Monday, October 10, 2011

Ghosts of Colorado

There is something about the Golden Ghost. The name itself conjures images of a faintly discernible fish, acutely aware of its surroundings and ready to flee at the intimation of danger. One errant step, bad cast or misjudgment on the angler's part can abort the success of a ghost "stalk." Generally the only remnant of the carp's presence is the lingering mud cloud left in its fleeing path. For all the exciting moments we have when the Golden Ghost eats our flies, there are even a larger set of experiences where the Ghost gets the best of us. This is the stuff of hunting carp with the fly rod. And I damn well love it.

My introduction to Colorado carp came from pursuing the multitude videos on YouTube and chatting with friends on Twitter. Being from the Midwest, I cut my fly fishing teeth on warm water species and learned very quickly the challenges of taking carp on the fly. But there was something intangibly intriguing about these Ghosts of Colorado. Perhaps the habitat was a little better, the fish a little bigger, and, just maybe, the experience a little better.

I hooked up with my Twitter buddy, Dave Maynard, for an afternoon of stalking the Golden Ghost on Denver's mud flats. Armed with a 7 weight Sage, 2x leader tapered to 3x fluorocarbon tippet, and some Backstabbers, I set out to stalk and battle some of Colorado's finest.

After a few unsuccessful attempts at feeding carp, I found another fish "locked in" rooting. I made the cast well past my target and stripped line until the fly was in the carp's field of vision. A short twitch of the rod tip, marabou and hackle undulating, was too much for the Ghost to ignore. He charged my Backstabber and sucked in the fly. I strip struck and the rod bowed. The fight was on.

Palming the reel during runs and working the rod to subdue the fish, I eventually landed my first Colorado Golden Ghost. What a great feeling!



During the rest of the afternoon, Dave and I continued to work the mud flats, putting our flies in front of as many active carp as possible. Some spooked, some were ornery, but some just ate.





In my journey and development as a fly angler, I haven't fished the saltwater flats yet. After systematically working the mud for carp, though, I have a greater understanding and appreciation for this type of sight fishing. The flats engender a whole range of emotions -- frustration, accomplishment, irritation, joy, disappointment, satisfaction. But, quite frankly, it's becoming one of my favorite places to be.

7 comments:

  1. Great story and great post, Andy. Wish I hooked up with Dave before my Denver trip last year - this looks like a blast!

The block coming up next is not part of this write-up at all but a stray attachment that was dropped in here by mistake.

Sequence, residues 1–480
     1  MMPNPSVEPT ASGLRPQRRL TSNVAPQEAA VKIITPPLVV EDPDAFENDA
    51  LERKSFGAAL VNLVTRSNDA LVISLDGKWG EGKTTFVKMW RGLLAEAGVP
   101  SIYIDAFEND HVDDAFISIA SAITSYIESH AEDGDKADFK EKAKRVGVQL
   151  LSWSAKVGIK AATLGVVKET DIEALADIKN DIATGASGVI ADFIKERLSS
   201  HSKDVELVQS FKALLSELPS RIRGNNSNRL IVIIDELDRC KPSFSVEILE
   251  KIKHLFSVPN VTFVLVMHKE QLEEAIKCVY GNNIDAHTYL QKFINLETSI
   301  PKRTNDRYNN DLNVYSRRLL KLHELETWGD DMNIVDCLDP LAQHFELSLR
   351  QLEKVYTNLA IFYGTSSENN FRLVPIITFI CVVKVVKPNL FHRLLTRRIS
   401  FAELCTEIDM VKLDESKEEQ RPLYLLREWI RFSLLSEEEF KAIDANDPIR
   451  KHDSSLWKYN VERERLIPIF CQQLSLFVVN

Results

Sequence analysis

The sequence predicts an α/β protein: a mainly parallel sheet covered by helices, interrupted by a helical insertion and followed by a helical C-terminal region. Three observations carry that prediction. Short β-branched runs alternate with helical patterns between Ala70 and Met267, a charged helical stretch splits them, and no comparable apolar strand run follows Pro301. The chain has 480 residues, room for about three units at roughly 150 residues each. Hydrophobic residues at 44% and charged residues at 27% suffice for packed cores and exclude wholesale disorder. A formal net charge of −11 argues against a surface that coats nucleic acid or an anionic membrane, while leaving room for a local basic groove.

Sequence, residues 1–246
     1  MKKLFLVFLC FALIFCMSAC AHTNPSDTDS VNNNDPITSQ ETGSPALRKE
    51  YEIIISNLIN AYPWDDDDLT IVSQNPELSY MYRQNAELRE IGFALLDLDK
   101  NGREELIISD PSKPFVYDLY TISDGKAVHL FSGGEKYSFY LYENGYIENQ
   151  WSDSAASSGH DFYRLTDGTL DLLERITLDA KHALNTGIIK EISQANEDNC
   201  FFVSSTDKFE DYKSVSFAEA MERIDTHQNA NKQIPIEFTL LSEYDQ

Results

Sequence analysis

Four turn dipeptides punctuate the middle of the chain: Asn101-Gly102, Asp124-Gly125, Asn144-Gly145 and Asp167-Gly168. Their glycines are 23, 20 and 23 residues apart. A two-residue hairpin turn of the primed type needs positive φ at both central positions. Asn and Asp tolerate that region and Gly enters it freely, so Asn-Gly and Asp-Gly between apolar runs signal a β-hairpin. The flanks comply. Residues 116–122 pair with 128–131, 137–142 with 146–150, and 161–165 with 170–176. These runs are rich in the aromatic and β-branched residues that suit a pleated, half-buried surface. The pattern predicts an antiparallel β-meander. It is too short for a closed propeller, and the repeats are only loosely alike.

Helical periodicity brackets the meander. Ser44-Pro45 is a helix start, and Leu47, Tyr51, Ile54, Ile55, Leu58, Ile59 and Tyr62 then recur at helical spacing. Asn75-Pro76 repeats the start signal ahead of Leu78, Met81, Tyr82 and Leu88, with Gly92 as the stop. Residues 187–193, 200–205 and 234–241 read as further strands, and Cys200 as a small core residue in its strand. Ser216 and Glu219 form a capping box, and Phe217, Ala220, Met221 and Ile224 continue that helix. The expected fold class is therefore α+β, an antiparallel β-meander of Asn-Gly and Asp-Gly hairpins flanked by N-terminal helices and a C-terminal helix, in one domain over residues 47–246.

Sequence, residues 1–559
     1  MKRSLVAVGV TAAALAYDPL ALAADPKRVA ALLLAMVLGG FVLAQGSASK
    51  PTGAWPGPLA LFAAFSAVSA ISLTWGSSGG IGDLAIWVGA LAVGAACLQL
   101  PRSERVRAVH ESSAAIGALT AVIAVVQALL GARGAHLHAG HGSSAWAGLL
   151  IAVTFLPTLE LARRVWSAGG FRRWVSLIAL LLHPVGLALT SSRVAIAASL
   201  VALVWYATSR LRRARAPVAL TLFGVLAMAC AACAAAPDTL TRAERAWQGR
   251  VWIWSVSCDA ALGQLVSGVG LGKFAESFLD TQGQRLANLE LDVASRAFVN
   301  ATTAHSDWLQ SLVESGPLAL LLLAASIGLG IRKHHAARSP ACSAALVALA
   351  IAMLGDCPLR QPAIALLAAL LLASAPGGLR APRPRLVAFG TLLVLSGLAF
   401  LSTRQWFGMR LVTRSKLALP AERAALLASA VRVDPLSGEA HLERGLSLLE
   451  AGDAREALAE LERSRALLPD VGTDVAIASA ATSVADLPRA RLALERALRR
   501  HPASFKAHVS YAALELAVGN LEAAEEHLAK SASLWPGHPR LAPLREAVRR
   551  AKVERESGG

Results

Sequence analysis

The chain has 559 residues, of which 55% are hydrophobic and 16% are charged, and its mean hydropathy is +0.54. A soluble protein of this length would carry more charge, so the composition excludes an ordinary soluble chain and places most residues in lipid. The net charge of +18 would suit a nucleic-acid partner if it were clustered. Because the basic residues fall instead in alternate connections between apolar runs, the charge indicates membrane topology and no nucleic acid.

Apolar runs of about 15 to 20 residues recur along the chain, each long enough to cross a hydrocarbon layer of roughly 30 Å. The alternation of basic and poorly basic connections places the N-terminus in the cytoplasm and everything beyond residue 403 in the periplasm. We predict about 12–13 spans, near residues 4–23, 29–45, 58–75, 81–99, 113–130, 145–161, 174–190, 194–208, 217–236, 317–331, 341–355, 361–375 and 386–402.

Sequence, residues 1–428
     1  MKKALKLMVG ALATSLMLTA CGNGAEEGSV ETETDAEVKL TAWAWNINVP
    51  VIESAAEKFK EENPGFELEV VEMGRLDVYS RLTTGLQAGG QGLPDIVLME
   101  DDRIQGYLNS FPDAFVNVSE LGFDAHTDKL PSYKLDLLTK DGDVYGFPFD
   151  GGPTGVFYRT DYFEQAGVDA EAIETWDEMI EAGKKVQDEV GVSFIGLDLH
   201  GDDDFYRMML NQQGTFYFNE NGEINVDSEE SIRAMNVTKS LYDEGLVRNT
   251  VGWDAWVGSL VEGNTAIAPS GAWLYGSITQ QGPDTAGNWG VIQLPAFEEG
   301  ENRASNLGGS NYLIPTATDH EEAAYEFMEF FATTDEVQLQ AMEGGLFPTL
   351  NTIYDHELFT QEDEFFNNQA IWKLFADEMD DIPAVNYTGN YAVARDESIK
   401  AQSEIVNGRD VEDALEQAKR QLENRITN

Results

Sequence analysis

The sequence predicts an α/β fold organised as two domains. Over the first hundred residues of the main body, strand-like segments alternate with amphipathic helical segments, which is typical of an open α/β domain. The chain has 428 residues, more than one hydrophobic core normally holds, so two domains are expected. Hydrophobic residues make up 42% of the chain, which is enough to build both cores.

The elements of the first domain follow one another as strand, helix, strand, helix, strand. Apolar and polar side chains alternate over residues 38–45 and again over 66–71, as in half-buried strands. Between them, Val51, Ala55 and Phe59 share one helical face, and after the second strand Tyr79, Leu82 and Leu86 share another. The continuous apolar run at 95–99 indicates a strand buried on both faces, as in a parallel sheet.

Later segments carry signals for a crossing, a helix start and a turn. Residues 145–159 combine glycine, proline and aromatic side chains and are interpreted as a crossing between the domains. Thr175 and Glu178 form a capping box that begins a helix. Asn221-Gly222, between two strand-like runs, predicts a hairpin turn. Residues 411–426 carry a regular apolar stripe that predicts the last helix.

I've tried chasing carp in our local river (Concord) but find its too silty to effectively sight fish. By the time you see them, they are spooked. Not going to stop me from trying, though.

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  2. ...and some just ate.

    well done sir...cheers!

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  3. Congrats on getting off the CO carp shnide, but be carefull Andy. They are very very sneaky. First you are getting out for the ocassional outing and luvin it, the next thing you know they have snuck up on you and are all you want to fly fish for is carp. Believe me.

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  4. Dean -- Thanks! Appreciate it. Dave is a great guy! Passionate and fun to fish with. Keep trying on those Concord carp! Find a ghost that is so concentrated on eating and thread a fly in his feeding lane. My last couple of fish were rooting around in a foot of water, backs completely visible. Made about a 40 foot cast to them.

    Sanders -- Thanks, man! Blog looks great.

    McTage -- Ha! Thanks for warning me of the pitfalls :) I think I've developed the first stages of this obsession already, which regretfully might take time out of my smallmouth bass fishing. I'm hoping to participate in the Carp Slam next year. We'll see how things pan out.

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  5. Great looking carp!!!I just found this Via Twitter. Cool blog!

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  6. you should try to make it out for the carp slam next year.

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  7. Gary -- if all goes well, it's my goal to be there!

    Thanks again, G. You have a nice blog yourself :)

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